Yeah, they are crushed up with some egg and it somehow floats to the top with all the impurities, so you can scoop them out. I don't remember the details.Weren't egg shells added to the end to help clarify it somehow? Have to look up where I read that. It's not something I ever did as I didn't care if my stock was clear or not.
If that's meant to add calcium and other minerals to the stock, it doesn't work. They don't dissolve in water, even if a little apple cider vinegar is added, too. That seems to be popular lately, but it doesn't do anything.A question for the stock makers.
I was puttering around making the world’s smallest pot of stock using the skin, bones, and giblets from Sunday’s Cornish hen and I started wondering if others save and add eggshells to their stock.
It seems to be a controversial ingredient but it makes nutritional sense to me.
What say you?
Those cooks that are concerned about bacterial contamination, did they not consider the fact that the stock/broth is going to simmer for hours. Bacteria won't survive that. Spores of Clostridium botulinum can survive that, but that is only relevant, if they are going to use that stock in canning.I’ve read about using egg whites and egg shells to clarify stock.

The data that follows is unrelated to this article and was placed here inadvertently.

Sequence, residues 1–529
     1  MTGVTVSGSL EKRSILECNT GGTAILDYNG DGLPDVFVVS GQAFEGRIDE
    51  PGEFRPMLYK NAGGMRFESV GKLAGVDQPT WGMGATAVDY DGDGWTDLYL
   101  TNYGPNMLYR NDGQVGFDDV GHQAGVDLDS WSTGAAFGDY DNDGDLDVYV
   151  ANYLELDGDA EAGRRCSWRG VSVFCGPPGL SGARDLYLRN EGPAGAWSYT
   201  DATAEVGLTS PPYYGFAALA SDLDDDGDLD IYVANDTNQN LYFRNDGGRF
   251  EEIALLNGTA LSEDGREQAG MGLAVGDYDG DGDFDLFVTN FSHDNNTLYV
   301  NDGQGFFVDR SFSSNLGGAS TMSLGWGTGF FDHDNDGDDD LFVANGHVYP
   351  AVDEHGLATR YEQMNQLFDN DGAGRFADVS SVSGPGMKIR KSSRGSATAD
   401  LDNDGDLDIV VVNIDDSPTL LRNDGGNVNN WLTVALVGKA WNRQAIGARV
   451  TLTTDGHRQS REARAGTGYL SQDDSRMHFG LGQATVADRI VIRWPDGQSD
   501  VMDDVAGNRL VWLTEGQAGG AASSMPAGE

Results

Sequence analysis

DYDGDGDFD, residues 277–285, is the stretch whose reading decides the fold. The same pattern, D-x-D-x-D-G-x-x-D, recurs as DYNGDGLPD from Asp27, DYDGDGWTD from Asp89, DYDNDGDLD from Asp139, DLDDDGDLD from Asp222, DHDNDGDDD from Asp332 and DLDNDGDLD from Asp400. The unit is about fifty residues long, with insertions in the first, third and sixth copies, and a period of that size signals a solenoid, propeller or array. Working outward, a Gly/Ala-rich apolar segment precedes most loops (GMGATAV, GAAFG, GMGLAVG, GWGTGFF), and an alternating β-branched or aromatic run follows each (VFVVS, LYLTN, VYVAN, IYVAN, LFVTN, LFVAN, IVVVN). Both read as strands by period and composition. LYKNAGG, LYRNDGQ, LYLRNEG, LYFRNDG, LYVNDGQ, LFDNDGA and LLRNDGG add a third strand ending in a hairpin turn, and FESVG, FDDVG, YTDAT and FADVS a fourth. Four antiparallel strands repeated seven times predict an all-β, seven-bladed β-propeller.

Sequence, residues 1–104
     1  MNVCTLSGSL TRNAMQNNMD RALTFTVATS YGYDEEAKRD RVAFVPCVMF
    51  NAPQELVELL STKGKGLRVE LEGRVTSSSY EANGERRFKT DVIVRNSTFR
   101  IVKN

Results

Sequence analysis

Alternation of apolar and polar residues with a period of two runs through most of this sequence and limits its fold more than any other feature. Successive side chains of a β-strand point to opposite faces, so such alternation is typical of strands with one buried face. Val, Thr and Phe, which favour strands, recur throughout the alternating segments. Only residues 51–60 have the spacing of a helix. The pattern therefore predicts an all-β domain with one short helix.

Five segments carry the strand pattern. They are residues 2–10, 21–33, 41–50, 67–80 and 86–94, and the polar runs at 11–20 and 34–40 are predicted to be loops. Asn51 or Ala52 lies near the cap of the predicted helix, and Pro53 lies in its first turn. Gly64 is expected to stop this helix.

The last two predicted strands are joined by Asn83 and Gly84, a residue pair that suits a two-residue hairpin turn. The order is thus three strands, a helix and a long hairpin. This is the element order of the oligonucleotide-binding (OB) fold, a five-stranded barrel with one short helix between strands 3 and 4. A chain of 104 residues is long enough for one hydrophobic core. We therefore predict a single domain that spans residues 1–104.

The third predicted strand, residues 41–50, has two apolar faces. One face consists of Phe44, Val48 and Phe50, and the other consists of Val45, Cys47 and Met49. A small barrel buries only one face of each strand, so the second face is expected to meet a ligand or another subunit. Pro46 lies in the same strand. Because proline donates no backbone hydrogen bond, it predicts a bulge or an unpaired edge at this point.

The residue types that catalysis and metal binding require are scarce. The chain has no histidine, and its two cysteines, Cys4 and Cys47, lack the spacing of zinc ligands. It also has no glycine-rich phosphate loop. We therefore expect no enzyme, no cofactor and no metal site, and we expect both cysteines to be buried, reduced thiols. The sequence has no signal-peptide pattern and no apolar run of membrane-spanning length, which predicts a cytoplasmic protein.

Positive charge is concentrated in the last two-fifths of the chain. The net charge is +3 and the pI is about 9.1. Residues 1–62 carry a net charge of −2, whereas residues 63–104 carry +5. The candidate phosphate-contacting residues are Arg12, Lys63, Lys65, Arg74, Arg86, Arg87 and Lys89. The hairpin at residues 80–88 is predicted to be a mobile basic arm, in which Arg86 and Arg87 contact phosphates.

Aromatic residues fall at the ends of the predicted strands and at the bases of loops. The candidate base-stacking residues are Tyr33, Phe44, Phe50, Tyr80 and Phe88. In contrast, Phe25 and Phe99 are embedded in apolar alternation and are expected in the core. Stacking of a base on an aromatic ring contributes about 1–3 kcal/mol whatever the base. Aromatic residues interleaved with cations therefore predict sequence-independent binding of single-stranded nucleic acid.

I was referring to adding eggshells to the stock pot along with the bones, vegetables, etc…
It makes sense to me that it would add some minerals and nutrients to the stock.
Some cooks seem to embrace the idea and others are opposed to it. The opposition seems to be concerned about bacterial contamination.